U.S. Claims Chinese Intelligence Seeking Confidential Huawei Information Were Duped by FBI Double Agent

U.S. Claims Chinese Intelligence Seeking Confidential Huawei Information Were Duped by FBI Double Agent

Top U.S. law enforcement authorities revealed three newly unsealed cases Monday involving Chinese intelligence agents they say engaged in “malign influence efforts” targeting the United States. One allegedly involving a failed attempt to bribe a U.S official to give up confidential information related to Huawei, a global telecommunications company based in China.

A criminal complaint unsealed on Monday accuse two Chinese intelligence officers of attempting to bribe someone they believed to be a U.S law enforcement official with $US61,000 ($84,680) worth of bitcoin to provide confidential information about a U.S. criminal case against Huawei. It turns out that law enforcement official was actually a double agent working for the FBI. Though the complaint does not specifically name Huawei, sources familiarly with the indictment speaking with ABC News and Bloomberg reportedly confirmed the company’s name.

As a reminder, The Department of Justice brought criminal charges against Huawei back in 2019, accusing the company and its associates of commiting nearly two dozen crimes including money laundering and conspiracy to commit bank fraud.

“This was an egregious attempt by PRC intelligence officers to shield a PRC-based company from accountability, and to undermine the integrity of our judicial system,” U.S. Attorney General Merrick Garland said during a press conference on Monday.

The two defendants charged, Guochun He and Zheng Wang reportedly attempted to acquire information related to witness, trial evidence, and potentially new charges levied against Huawei. The two Chinese agents allegedly paid the FBI double agent $US41,000 ($56,916) for a single page they believed was classified as “SECRET.” In reality, those documents were prepared by the U.S. government for the investigation. He and Wang were both charged with attempting to obstruct a criminal prosecution. He was also charged with money laundering related to his bitcoin bribe.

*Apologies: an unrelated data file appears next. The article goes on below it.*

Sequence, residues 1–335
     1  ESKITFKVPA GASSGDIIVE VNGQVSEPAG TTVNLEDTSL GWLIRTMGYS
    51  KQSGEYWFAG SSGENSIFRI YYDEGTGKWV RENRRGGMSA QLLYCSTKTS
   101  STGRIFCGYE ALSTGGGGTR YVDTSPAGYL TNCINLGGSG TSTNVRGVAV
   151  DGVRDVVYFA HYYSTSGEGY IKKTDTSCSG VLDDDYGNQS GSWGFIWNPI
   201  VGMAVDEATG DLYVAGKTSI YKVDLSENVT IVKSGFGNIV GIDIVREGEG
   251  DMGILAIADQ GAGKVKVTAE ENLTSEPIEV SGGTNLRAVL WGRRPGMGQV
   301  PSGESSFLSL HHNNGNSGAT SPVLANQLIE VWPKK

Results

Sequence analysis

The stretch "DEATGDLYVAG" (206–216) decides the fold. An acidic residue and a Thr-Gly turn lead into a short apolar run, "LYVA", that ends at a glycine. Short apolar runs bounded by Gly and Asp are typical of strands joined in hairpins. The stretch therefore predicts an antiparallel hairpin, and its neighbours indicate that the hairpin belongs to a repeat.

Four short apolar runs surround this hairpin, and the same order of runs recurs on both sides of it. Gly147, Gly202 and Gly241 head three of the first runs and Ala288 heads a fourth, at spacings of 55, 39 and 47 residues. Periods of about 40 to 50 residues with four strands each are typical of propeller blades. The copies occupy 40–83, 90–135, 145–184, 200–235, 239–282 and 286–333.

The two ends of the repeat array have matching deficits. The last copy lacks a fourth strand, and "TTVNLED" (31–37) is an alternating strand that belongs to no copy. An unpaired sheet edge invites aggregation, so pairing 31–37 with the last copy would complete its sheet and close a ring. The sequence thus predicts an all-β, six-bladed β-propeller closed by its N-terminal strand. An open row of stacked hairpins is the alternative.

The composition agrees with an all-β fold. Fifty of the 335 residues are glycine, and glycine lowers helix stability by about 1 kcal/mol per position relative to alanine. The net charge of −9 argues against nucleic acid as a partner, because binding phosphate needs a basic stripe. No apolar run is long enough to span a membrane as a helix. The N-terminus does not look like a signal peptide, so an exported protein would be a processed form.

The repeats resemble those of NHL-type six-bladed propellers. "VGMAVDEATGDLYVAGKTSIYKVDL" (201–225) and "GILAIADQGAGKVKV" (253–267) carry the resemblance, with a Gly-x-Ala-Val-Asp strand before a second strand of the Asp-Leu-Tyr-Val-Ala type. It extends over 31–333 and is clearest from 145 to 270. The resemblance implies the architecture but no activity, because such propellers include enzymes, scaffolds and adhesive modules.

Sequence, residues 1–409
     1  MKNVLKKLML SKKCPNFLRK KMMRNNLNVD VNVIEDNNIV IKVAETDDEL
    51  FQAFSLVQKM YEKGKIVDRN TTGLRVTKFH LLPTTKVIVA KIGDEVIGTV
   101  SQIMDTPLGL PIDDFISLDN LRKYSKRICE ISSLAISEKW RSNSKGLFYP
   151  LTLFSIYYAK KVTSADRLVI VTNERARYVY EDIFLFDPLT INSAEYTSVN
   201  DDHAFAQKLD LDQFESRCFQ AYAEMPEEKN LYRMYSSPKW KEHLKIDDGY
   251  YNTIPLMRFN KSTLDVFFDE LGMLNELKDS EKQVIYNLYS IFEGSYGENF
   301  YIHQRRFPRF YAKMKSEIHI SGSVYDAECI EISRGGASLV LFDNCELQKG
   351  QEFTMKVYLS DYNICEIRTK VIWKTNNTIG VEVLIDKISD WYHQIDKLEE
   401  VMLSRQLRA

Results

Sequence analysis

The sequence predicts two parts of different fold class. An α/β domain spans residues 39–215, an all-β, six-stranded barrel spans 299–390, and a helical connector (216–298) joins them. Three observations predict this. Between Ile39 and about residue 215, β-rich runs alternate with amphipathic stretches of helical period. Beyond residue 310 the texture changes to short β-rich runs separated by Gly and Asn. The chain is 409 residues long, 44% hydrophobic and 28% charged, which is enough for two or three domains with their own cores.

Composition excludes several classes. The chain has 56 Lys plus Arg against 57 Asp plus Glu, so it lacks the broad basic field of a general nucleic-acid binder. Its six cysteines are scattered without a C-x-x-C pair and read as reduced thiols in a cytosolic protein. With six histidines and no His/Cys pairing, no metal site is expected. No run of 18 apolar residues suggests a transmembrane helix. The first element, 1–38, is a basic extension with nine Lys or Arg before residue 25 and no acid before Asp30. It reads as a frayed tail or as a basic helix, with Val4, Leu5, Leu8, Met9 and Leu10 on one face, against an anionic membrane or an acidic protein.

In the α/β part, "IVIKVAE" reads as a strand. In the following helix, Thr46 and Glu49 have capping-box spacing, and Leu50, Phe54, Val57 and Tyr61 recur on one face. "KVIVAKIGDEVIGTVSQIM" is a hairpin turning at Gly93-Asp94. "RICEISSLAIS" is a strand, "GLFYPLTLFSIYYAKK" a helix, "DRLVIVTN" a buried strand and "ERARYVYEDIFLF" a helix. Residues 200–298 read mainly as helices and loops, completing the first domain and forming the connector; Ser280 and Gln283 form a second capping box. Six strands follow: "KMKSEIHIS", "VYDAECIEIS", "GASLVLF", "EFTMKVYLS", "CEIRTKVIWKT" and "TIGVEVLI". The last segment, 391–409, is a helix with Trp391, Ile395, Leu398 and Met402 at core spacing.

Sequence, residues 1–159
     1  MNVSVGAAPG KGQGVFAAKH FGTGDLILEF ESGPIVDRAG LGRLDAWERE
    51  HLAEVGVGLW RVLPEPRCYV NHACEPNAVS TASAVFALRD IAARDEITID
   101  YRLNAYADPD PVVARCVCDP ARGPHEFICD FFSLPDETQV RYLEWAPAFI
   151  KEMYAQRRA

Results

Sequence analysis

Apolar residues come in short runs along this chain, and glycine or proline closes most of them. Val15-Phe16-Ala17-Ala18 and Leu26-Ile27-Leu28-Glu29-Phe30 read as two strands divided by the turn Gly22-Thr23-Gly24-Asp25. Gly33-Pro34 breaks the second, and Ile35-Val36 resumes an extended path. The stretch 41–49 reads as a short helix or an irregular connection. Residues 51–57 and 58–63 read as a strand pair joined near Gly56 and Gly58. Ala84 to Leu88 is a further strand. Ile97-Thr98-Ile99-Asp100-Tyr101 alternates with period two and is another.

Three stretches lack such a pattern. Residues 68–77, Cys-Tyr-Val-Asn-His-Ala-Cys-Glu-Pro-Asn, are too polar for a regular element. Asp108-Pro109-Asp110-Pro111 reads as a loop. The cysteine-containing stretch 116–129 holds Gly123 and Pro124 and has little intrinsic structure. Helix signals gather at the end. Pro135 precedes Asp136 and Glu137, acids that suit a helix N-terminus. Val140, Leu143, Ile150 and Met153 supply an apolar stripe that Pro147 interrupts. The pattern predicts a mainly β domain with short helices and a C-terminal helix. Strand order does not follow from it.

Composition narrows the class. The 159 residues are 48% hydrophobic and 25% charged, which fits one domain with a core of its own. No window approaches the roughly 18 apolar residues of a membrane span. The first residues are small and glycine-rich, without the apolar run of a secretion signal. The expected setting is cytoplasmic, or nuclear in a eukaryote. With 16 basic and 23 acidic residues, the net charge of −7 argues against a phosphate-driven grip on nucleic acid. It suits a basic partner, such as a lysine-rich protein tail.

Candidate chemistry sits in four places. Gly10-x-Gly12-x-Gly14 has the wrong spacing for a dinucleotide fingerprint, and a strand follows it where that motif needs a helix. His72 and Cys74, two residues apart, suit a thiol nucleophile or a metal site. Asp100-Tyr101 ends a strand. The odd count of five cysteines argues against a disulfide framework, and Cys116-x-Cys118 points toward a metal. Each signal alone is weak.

Huawei did not immediately respond to Gizmodo’s request for comment.

U.S. law enforcement officials went on to reveal two additional criminal cases allegedly involving Chinese intelligence officials.

The first, filed in New Jersey, charged three Chinese intelligence agents in the United States for allegedly acting as illegal agents on behalf of a foreign government. Those individuals allegedly used the cover of a purported Chinese academic institute to “target, co-opt, and direct individuals in the United States to further the PRC’s intelligence mission,” Garland said on Monday. Garland claims those alleged agents tried to procure technology from the U.S. and ship it to China.

The other case, filed in the Eastern District of New York, charged seven individuals allegedly working on behalf of the Chinese government who allegedly spent years threatening and harassing a U.S. resident and alleged fugitive with the aim of convincing them to return to China.

In that campaign, called “Operation Foxhunt” the agents working on behalf of the Chinese government allegedly used intimidation tactics to force the U.S. resident to return to China. Garland, during the press conference claimed the agents showed up at the victim’s son’s New York home, filed “frivolous lawsuits,” and said it would be, “endless misery” for the victim and his son to defend themselves. Garland claims they made clear their harassment would not stop until the victim returned to China.

“As these cases demonstrate, the government of China sought to interfere with the rights and freedoms of individuals in the United States and to undermine our judicial system that protects those rights,” Garland said.

FBI Director Christopher Wray commented specifically on the case reportedly involving Huawei during the press conference.

“We see a coordinated effort across the Chinese government to lie, cheat, and steal their way to unfairly dominate entire technology sectors, putting competing U.S. companies out of business,” Wray said. The FBI director went on to say that though the three cases outlined on Monday may appear unrelated, he believed each case “laid bare the Chinese government’s flagrant violation of international laws,” including within U.S. borders.

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